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Old 02-10-2013, 08:33 PM   #41
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I didn't say that it tasted like a 65 minute addition. I said that if the time was changed to 65 minutes that it would match the ibus perfectly in response to the post saying that if 28 minutes was input, the ibus would match up.

I will stick to inputting accurate times.

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Old 02-10-2013, 08:50 PM   #42
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I think this thread is a perfect example of how subjective the outcome of FWHing really is and that it really comes down to trying/testing/adjusting the process to fit YOUR needs.

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Old 02-11-2013, 12:53 AM   #43
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Quote:
Originally Posted by stpug
I think this thread is a perfect example of how subjective the outcome of FWHing really is and that it really comes down to trying/testing/adjusting the process to fit YOUR needs.
First, thanks to Matt for putting up the hard numbers. That was awesome!!! And thanks to Denny & others for the counterpoints. This is one of the more useful threads I've come across on HBT in some time. It more or less confirmed what I thought about the numbers, so i got that goin' for me... which is nice.

Second, stpug I both agree & disagree with your summary.

I agree that the perception of the hop character of FWH'd beers may be different from the perception of hop character in a 60- or 90-min bittered beer. Clearly there are also different preferences on the usage.

However, I don't think that saying the outcome of FWHing is subjective is how I'd put it. That is not to say that Denny would appreciate my Imperial (FWH'd, no 60min) WestCoast Red as much as Matt or Yooper might, because their preferences ARE subjective. But the outcome is predictable--your point about empirical testing is spot on!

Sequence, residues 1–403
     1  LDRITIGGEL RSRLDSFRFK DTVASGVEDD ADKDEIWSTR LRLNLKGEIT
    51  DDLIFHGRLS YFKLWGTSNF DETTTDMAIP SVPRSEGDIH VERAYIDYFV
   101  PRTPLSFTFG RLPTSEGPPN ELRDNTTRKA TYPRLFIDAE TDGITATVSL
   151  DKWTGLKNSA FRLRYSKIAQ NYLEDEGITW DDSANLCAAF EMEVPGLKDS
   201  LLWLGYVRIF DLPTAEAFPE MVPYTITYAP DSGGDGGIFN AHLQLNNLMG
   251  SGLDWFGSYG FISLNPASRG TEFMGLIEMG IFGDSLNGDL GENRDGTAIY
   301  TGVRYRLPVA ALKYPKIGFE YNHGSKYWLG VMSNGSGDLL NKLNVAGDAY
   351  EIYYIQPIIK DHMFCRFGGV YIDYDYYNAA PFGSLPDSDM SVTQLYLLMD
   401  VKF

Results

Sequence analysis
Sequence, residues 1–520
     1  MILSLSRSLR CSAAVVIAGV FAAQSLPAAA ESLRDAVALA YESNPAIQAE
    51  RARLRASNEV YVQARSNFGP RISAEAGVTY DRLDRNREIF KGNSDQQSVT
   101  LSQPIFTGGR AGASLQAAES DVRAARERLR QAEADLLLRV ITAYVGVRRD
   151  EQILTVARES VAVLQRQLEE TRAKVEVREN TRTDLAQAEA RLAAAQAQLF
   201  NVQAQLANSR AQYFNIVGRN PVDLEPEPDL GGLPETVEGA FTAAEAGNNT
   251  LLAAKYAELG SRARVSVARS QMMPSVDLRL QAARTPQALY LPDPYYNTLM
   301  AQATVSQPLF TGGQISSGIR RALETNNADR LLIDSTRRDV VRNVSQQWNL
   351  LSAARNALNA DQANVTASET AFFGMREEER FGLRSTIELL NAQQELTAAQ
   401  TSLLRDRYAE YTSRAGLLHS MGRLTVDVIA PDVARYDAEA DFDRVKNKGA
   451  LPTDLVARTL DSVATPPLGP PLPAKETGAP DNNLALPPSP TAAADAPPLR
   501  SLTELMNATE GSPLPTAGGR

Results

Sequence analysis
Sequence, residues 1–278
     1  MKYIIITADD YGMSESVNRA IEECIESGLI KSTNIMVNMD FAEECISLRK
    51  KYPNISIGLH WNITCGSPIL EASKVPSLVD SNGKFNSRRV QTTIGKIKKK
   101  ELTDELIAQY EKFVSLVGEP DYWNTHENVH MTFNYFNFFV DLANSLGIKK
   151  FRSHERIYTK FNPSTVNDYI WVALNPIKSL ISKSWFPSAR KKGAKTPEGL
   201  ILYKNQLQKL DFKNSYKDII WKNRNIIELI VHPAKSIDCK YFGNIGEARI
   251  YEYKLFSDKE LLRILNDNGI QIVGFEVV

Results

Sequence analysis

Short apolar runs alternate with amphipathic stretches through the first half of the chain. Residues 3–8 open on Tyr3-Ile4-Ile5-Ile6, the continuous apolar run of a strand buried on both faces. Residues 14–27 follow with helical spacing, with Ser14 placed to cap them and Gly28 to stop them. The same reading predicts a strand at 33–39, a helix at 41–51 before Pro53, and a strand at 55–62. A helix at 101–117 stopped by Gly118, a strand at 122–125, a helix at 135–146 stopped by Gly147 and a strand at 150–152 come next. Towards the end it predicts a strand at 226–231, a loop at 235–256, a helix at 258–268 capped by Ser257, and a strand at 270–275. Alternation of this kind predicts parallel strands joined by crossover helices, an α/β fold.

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Old 02-11-2013, 04:36 PM   #44
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If anyone is interested ithe results of my FWH experiment, they're here..

http://518124.cache1.evolutionhostin.../DennyConn.pdf

starting on pg. 29.

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Old 02-11-2013, 04:49 PM   #45
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In an attempt to better simplify exactly why people claim they are attaining more flavor/aroma and smoothness from FWH vs. a traditional bitter...

This is because the hops are 1) left in the wort for a longer time, bit by bit in excess of 60 minutes, which is adding more hop character, and 2) steeping at an array of temperatures (170-212 F), which does something to tone down the harshness of the early hops.

The first reason has to do with increased flavor (not smoothness). But this could result from a longer than normal boil as well; you don't necessarily have to FWH. Whether you FWH or not, the longer you leave the hops in your wort during the recipe, the more character you will get from the hops. Example: leaving your hops in for 90 minutes instead of 60. The first reason is offering more hop character, not adding smoothness. An ounce of FWH for a total of 90 minutes before they are pulled out is not going to give you more flavor than an ounce of traditional bittering hops in there for the same exact time.